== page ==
How to Add Ivy to Your Flower Pots

Overview

Delicate trailing ivies, particularly those with variegated foliage, create contrast and add interest to flower pots and planters. As accents to delicate pastel blooms, they provide a touch of romance. Although ivies can be trained to climb a trellis or to grow vertically, their most common use in flowerpots is as a filler to provide contrasting foliage. In hanging baskets, ivies cascade over the sides, growing to lengths of several feet under optimum conditions.

Step 1

Fill flower pots ¾ full with potting mixture. A mixture of equal parts all-purpose potting soil, peat moss and perlite makes an excellent lightweight potting soil that provides good drainage.

Step 2

Place the primary flowers you wish to grow in the center of the pot. In large containers, place upright plants in the center to create height. Geraniums, dwarf lilies or dwarf zinnias provide both height and color. Add mounding plants like impatiens or marigolds around the outside.

Step 3

Add ivies evenly spaced around the perimeter of the pot to encourage them to tumble over the sides. In rectangular containers, add ivies to the corners and evenly spaced along the edge. A standard window box requires three to four small ivy plants to create the desired effect. Rearrange the planting to create the look you prefer.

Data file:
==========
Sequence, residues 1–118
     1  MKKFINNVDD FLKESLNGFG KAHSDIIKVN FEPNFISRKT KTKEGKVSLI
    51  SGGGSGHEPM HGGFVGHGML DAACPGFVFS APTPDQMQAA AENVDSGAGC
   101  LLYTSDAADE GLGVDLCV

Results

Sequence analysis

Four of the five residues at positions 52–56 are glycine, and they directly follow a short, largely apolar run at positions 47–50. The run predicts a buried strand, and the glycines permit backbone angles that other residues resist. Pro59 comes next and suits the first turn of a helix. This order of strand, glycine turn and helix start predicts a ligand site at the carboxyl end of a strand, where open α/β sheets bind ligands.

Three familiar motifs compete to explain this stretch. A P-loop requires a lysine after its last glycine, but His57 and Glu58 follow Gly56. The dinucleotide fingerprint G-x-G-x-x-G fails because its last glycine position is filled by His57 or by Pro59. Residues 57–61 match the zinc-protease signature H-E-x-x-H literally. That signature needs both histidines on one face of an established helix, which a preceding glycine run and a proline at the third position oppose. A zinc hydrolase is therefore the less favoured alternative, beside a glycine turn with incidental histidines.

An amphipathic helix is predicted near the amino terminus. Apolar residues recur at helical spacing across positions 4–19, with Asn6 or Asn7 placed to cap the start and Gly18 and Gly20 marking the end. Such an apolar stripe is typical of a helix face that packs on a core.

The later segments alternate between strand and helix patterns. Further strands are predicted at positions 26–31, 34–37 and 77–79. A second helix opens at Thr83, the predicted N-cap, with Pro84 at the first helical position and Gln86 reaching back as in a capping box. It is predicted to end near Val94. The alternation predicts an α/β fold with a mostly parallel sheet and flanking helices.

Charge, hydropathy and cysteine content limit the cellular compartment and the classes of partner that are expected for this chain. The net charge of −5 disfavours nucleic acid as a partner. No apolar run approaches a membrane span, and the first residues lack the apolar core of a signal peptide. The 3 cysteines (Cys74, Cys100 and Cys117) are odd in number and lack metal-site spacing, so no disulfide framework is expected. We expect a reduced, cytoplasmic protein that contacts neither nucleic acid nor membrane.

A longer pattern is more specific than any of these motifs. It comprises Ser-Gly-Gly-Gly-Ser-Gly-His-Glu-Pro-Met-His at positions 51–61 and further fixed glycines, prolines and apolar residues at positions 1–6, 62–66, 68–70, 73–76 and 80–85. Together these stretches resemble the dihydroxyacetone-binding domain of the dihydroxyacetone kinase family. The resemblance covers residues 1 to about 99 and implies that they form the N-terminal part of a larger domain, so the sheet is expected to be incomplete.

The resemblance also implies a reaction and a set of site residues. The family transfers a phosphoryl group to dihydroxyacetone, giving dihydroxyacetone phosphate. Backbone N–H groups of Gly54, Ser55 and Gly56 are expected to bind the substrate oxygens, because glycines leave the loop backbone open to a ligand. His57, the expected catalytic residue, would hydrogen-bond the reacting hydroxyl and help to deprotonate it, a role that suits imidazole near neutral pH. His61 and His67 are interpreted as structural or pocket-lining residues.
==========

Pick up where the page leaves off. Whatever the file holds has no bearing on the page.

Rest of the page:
Step 4

Fill in around the plants with soil and tamp down around the roots to remove air pockets. Water until water runs through the drainage holes at the bottom of the pot. Fertilize every two weeks with water-soluble fertilizer following the recommended strength.

Things You'll Need

  • Flower pot/container
  • Seedlings
  • Ivies
  • All-purpose potting soil
  • Peat moss
  • Perlite
  • Water-soluble fertilizer

References

  • Iowa State University: Growing Annuals in Containers
  • University of Missouri: Flowering Annuals and Their Culture
  • University of Nebraska Extension: Growing Annual Flowers

Who Can Help

  • Popular Annuals and Their Needs
  • English Ivy Care
Keywords: flowerpot, plant ivies, trailing ivies

About this Author

Nannette Richford is an avid gardener, teacher and nature enthusiast with 4 years experience in online writing and a lifetime of personal journals. She is published on various sites, including Associated Content. Richford holds a Bachelor of Science in secondary education from the University of Maine Orono and certifications in 7-12 English, K-8 General Elementary and Birth to age 5.